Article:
This book, by Jennifer Niven, was my fifteenth read of the year, in this so incredibly doomed attempt at the 52 books in 52 weeks challenge. Having completely given up on ever achieving 100, I set my sights lower this year and it’s still not going well!
*TRIGGER WARNING* There will be mentions of suicide, self harm and mental health issues throughout this review, due to the topic of the book. I strongly recommend you do not continue reading if these topics will cause you any distress or harm.
A vague attempt at a summary
The story begins with one of our protagonists on the roof of a tower block in his school, Theodore Finch is fascinated with death and approaches his suicidal thoughts with a kind of heavy sense of inevitability. So he constantly tests himself to see if, this time, he will follow through; each time finding a reason to live instead, even if it’s just the grim prospect of how messy his corpse will be on the ground below. As he stands there on the roof, he realises he is not alone, discovering one of the school’s popular, pretty girls is also on the roof with him and he decides to save her and talk her down. The people in his school are so used to him doing ‘weird’ stuff like this, they assume it’s Violet who rescued him, instead of the other way around.
Finch makes it his mission to convince Violet, who is trying to work through her grief after losing her sister in an accident she survived, to live. He manages to wangle his way into being her partner in a group project, which involves exploring the ‘wonders’ of their home town and state. Finch uses these adventures to help Violet work through some of her trauma, helping her to open up and see joy in life again.
The book jumps between Theo and Violet’s point of view and we experience Finch’s deteriorating mental health, alongside Violet’s improving mental state. Meaning the reader knows how sick Finch is but it seems like no one else, not even Violet, understands how bad he’s doing.
Throughout we are treated to Finch’s exploration of different ways he could die and each time he draws back at the last moment, all while he does his very best to free Violet of the hell they’re both trapped in.
The story deals with the subject in a way that’s both blunt and extremely delicate, There is a clear difference between what Violent is going through and Finch’s undiagnosed and debiliating mental health condition. Although, to be clear, neither reason for their suicidal thoughts is ranked against the other, this just helps the reader understand the different ways and reasons someone might experience these thoughts. The story also explores the support system each character has behind them, as both are contributing factors to how each of them deal with with what they are going through. While Violet finds she can open open to her parents, who are understanding and loving, as she recovers. Finch’s family choose to turn a blind eye to the point of neglect.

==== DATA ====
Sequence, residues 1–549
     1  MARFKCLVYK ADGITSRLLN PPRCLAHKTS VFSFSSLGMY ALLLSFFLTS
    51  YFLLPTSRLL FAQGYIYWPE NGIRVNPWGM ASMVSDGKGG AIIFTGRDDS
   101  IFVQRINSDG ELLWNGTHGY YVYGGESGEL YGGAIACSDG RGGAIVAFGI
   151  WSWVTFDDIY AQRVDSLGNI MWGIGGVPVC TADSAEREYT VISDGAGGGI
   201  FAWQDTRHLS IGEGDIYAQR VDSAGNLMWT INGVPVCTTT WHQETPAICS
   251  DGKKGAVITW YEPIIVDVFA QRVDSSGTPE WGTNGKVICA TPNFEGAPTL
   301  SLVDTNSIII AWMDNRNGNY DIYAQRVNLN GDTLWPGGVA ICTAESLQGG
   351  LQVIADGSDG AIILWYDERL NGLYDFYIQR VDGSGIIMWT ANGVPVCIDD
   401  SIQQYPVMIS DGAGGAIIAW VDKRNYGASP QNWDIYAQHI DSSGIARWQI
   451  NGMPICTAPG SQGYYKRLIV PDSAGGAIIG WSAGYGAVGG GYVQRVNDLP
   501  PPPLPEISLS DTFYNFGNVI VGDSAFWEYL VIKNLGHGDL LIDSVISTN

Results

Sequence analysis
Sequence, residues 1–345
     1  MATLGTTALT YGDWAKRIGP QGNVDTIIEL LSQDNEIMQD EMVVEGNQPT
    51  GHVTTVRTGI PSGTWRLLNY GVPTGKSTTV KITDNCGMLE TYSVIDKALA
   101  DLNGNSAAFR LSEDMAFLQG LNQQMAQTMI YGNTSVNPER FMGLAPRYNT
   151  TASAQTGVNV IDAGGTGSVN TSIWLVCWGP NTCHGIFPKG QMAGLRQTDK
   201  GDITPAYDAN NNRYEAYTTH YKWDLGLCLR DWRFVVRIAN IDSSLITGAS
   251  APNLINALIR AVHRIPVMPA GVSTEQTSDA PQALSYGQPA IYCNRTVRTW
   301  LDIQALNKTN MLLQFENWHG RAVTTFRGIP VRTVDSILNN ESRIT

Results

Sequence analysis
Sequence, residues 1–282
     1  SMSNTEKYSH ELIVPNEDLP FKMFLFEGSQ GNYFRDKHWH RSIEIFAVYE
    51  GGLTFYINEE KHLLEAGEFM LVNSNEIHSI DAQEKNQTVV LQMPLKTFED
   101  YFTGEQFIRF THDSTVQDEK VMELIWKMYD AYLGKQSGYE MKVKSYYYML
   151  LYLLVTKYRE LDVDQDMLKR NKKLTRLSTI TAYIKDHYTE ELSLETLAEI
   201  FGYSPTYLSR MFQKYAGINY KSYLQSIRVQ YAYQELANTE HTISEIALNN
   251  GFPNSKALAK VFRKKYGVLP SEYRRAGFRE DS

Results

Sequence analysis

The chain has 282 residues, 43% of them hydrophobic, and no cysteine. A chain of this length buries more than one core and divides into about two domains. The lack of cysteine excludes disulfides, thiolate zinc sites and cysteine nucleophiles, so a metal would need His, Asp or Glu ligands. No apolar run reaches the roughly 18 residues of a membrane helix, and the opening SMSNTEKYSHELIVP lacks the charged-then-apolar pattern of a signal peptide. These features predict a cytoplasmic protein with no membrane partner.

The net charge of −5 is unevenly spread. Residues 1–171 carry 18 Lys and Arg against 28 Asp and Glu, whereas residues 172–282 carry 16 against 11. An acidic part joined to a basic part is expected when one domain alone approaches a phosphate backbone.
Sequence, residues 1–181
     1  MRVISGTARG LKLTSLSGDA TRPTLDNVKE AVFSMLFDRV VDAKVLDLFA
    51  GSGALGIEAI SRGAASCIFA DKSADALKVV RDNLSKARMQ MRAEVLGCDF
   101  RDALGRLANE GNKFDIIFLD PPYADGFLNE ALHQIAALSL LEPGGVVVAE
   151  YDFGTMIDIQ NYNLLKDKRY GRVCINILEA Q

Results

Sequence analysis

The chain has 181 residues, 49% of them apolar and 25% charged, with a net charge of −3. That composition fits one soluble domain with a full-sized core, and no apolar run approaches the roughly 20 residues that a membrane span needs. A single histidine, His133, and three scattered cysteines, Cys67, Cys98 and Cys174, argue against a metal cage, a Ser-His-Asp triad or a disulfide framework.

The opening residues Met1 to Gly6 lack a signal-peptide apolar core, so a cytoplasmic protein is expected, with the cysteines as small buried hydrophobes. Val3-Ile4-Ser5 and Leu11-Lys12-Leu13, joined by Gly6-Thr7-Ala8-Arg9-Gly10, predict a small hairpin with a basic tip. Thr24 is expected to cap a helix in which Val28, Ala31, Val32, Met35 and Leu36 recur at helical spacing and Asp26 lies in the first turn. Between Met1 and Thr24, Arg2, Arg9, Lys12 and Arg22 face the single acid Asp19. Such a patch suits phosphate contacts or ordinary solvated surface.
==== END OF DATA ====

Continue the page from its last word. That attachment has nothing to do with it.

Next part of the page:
The story also explores the stigma of mental health, which is the main reason Finch doesn’t seek the help he needs, for fear of being ‘labelled’.
Holy shit. This book is so good, I don’t think I can put it into words. It explains and explorers the subject of suicide in a way that a teen or an adult could understand and empathise with. It hits so many facets of this very complex topic, I don’t think I’ve ever read a book, especially a YA one, that deals with subject so well and so realistically. It handles it without glorifying the topic (looking at you Thirteen Reasons Why) and without the stigma and guilt usually weighted at the person suffering for being so ‘selfish’ (a statement I have always found infuriating fyi).
And, although I have made this book sound very serious and heavy, it’s really not, or at least, that’s not the message I take away from it. Don’t get me wrong, I cried so hard I was sobbing in the bath, even through the water had gone cold because I couldn’t face getting up and going out in the hall and having family asking me what was up!
The message is about ‘the bright places’, finding the things that make life worth living until it gets easier, until it’s no longer a struggle. It’s about connecting with people, finding the right help, relying on your support system and fighting even when you’re tired because the alternative is nothing but tragedy, for both the person who is lost and the people they leave behind. It explores all the incredible, raw beauty, of life and I really loved the message it was trying to impart.
I really do think if you’re seeking to understand someone whose struggling, this might help you see things from their point of view. At least, that how I felt reading it because it explores it so well.
So I don’t know, I guess you’ve finally seen what a review looks like for a book that fully reached into my chest and took hold of my little nerdy bookish heart! It was, hands down, the best thing I’ve read in a really long time. it also helped to knock me out of a pretty bad reading/ creative slump, so, that was also pretty cool too.
Lastly, following the message of this book, if you’re reading this review and you’re struggling with some of the topic’s mentioned, please take away the message that there are always ‘bright places’ to be found and that there’s no reason to suffer in silence.
Also, at the time of writing this we were officially all caught up with my current reads for the year, so I reckon there will be some more to follow not long after this but it will no longer be the main theme of ALL the posts coming up!
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